Parable of the Treasure

Sunday’s Scripture ~ Matthew 13:44.

One day while in Nepal (it still stuns me that I am able to say that phrase!) Andrew and I decided to visit Nagarcot, which is in the western-most end of the Everest region. We called our faithful driver, Ramesh, and set out early for the 40 kilometer journey from Kathmandu.

It was truly incredible to watch the landscape change as we ascended out of the bowl of the Kathmandu valley. Geographically, Kathmandu is in a valley; it is in a physical dip in the landscape between the mountains that sits gingerly atop an active fault line. But the lusciousness that the word “valley” evokes is hard to find amongst all the construction and industry. In a very real way, one must leave the valley to find the valley.

The farther we drove, the more the air quality improved. Trash disappeared, or was much less visible. Brown and gray turned to green and I was so excited to see green! “Wait,” Ramesh said, “Just wait.”

Out of the valley we turned off the paved road for a rocky one to led us up to Nagarcot. After driving upward for a couple kilometers Ramesh pulled the car over, which was a feat in itself because there was nowhere to pull the car to – the choices were towards the rock face or the cliff.

He chose the rock face.

“Now look.”

And we followed Ramesh’s gesture to look at that same field we passed earlier but this time we saw it from above. What I thought was green was actually a field of gold. Little golden flowers sitting atop green stems that bloom in direct daylight and close up again at dusk.

It was truly hidden treasure in a field.

I was amazed that field had been left untouched so the flowers could grow. Land is at such a premium in Nepal, though not many people own; they squat. Ramesh said this field on the rock face had been in the same family for many generations – meaning the same family had lived on that rock face for many generations – and though development was important, it was not vital. What was vital was leaving the land as untouched by human hands as possible so the livestock could graze, and the water could seep into the earth, and the flowers could greet them as if to say “good morning” on their way to work and “good night” on their way home.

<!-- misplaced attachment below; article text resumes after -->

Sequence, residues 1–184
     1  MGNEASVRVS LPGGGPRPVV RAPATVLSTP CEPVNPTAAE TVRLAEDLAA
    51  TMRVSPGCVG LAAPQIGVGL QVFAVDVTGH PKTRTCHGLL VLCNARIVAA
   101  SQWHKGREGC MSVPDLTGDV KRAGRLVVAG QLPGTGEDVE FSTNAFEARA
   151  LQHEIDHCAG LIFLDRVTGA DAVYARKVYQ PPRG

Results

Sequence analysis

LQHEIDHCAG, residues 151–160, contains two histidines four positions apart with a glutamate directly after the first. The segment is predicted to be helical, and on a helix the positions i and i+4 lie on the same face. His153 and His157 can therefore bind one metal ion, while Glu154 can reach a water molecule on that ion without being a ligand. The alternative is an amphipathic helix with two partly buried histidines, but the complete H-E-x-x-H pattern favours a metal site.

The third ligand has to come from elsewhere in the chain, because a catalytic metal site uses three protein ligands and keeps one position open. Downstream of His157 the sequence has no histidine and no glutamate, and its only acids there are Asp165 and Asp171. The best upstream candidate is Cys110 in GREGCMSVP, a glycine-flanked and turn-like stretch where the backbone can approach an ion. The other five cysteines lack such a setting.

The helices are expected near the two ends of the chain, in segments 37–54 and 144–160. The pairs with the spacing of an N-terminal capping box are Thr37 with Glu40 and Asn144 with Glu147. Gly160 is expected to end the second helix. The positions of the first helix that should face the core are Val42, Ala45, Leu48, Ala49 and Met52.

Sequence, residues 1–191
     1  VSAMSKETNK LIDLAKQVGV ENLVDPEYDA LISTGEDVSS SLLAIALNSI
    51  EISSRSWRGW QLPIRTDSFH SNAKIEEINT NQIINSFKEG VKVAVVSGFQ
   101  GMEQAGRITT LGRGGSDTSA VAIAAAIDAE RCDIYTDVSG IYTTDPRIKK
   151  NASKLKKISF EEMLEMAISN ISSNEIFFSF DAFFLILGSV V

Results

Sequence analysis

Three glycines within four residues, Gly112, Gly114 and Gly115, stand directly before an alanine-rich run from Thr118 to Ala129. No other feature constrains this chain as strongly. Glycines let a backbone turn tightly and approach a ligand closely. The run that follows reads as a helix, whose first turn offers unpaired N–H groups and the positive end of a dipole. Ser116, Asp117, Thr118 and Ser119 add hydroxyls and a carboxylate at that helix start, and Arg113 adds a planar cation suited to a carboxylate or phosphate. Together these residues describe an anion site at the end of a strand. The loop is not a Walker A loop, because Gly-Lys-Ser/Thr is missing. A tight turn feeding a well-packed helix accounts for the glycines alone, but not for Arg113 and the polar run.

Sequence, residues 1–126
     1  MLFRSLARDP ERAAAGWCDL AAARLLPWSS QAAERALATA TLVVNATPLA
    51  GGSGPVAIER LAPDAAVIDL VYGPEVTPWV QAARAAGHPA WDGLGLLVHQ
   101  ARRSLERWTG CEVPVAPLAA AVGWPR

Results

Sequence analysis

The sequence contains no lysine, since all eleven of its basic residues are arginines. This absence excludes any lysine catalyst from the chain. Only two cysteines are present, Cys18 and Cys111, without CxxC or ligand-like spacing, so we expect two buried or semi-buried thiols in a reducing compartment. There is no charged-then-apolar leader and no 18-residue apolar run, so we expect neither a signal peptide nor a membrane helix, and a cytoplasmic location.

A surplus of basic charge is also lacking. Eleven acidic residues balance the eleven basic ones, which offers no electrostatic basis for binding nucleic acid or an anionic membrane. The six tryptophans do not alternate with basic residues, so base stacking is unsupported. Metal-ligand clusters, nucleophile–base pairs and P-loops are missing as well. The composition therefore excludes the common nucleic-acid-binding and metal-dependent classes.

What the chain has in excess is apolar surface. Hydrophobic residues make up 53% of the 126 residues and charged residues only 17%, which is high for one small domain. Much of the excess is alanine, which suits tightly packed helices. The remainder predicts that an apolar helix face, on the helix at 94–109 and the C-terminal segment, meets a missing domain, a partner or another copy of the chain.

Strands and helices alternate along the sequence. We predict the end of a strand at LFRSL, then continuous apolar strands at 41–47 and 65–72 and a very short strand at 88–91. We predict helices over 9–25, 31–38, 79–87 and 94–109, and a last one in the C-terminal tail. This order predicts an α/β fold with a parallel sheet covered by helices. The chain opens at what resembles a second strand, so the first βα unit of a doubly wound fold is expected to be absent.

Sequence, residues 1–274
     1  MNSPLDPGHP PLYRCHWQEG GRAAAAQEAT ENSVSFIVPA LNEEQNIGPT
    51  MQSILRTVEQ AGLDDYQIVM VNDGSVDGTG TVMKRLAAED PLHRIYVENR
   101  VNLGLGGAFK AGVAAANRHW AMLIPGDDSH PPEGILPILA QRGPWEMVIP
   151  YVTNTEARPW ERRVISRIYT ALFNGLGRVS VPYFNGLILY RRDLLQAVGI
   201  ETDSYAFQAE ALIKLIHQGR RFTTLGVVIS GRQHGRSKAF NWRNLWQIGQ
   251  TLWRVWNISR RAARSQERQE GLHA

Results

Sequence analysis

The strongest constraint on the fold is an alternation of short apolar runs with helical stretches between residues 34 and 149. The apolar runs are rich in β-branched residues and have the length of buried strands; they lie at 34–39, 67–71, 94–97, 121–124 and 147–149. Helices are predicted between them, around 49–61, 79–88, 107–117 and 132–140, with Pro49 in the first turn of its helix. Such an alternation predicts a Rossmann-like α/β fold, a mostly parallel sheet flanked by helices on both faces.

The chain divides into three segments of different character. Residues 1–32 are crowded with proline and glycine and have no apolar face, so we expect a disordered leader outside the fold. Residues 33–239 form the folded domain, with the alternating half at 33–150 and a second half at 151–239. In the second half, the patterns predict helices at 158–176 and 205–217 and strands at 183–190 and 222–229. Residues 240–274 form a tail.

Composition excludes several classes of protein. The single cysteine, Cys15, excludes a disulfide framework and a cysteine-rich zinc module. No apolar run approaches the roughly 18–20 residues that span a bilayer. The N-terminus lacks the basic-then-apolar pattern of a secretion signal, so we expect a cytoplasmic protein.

Our parable for this week says the finder bought the field, not what the finder did with the field once purchased. Yes, I believe that we are invited to have a hand in bringing about the Kingdom of God, but we do not have to develop it from the ground up. The Kingdom of God is – just like the field is – full of beauty and wonder. It is something to behold and respect. It is something to care for and nurture. And it is a place to be surprised by what we might discover there – and because we are there – what we might discover in ourselves.

Join Samantha Aupperlee and Alex Lilly this Sunday as they offer their leadership in word and song on this parable in both our Morningsong and 11am worship services. Thank you, dear friends, for sharing your gifts with our church family.

Prayer: “In all the world around me I see his loving care, and though my heart grows weary, I never will despair. I know that he is leading through all the stormy blast; the day of his appearing will come at last. He lives, he lives, Christ Jesus lives today! He walks with me and talks with me along life’s narrow way. He lives, he lives, salvation to impart! You ask me how I know he lives? He lives within my heart.”* Amen.